What You Need To Know

Kaiteriteri Mountain Bike Park (KMBP) is being developed on Recreation Reserve land under management agreements with the Dept. of Conservation and the Kaiteriteri Recreation Reserve Board.

Bylaws pertaining to Recreation Reserves prohibit horses, dogs, motorised vehicles, the lighting of fires (including cigarettes) and the removal of any vegetative material.

Bikes with electric motors (e-bikes) are permitted on Easy Rider only, as part of the Tasman Great Taste Trail. This policy is currently under review.

The MTB Park track network is designed and intended for mountain bikers and, on Easy Rider, cycle trail users.
While runners & walkers are permitted on the tracks, they do so at their own risk and must give way to cyclists.
All trail signage must be observed, especially One Way and Do Not Enter signs.

For safety reasons. the wearing of headphones or ear buds is not permitted while using the track network.

At all times, the Mountain Bikers Code must be observed. On two-way tracks, Signal Your Approach and Pass With Care.

We recommend that riders fit bells to their bikes and ring them when approaching blind corners on two-way tracks.

Failure to observe Kaiteriteri MTB Park rules and temporary restrictions (e.g., track closures) may result in a Park trespass notice.

There are no toilets on the Reserve. Toilets are located at the beach carpark.

A water tap, installed by Kimi Ora Eco Resort, is located at the junction of Cruise Control/Swamp Monster and Glade Runner.


  1. With respect to e-bikes...... A pedelec ebike that conforms to Class AB and powered primarily by human muscular energy is equivalent to a cycle as defined in the Land Transpot Act (LTA). The Reserves Act and Conservation Act are both silent on interpretation of a cycle and therefore must adopt the interpretation of the LTA. . So on any reserve or conservation land whereever there is a cycle trail then it must be accesible by cycles as defined above, ie., both Class AA and Class AB cycles.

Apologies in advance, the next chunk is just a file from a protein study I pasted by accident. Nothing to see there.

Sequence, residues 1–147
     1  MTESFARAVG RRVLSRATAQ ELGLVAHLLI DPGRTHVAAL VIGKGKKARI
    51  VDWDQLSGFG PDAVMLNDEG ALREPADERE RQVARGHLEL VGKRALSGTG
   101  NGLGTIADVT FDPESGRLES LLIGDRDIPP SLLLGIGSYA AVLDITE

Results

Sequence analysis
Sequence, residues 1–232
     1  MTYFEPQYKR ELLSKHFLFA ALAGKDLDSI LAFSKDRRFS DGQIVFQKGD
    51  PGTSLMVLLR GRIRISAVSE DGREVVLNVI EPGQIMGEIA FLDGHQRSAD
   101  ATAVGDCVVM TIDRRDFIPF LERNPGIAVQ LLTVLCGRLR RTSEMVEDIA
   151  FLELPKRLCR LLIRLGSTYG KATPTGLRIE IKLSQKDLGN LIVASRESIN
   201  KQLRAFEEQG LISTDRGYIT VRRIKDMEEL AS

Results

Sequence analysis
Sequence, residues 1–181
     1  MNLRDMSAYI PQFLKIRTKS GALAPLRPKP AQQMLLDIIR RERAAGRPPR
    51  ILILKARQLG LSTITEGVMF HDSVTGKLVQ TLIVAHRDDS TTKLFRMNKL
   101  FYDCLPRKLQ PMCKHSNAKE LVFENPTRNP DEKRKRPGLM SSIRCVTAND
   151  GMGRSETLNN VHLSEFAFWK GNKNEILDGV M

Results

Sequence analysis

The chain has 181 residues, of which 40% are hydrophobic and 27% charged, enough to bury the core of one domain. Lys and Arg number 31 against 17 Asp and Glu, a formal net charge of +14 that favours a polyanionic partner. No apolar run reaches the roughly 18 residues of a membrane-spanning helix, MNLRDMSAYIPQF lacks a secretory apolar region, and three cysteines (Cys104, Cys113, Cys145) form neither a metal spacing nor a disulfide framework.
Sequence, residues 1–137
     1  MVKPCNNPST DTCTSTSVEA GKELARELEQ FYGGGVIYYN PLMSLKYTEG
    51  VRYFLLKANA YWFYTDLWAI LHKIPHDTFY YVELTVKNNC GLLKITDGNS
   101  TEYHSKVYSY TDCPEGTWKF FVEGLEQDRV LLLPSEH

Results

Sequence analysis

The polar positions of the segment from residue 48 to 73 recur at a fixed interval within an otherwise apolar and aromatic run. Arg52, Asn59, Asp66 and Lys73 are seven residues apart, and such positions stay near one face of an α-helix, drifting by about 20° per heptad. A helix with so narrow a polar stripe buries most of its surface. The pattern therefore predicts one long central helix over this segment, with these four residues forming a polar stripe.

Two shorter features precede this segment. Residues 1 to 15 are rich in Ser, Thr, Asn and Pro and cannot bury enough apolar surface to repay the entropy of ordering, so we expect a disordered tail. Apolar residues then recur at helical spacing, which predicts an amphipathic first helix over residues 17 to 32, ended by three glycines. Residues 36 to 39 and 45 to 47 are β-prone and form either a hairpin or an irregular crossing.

Class AB power assisted cycles are not motorized vehicles and have been gazetted in 2013 as such.
    In a more practical sense the forces and loads through the contact patch of the tyre and the ground are equivalent for both classes of cycles.
    In a nutshell if you creat a cycle track on public land then it must allow riders on cycles as defined in law.

    1. Thanks for your comment, Steve. KMBP's policy with regard to e-bikes is determined by the Kaiteriteri Recreation Reserve Management Plan that applies to the mountain bike park. This policy is informed by DOC's current national position on e-bikes. Insofar that KMBP had input into the Reserve MA, our concern is more focused on potential collision impact forces with electric-assist bikes than their trail 'contact patch'. In the meantime, we shall monitor the issue of e-bikes on singletrack from both a national and Park-specific perspective.

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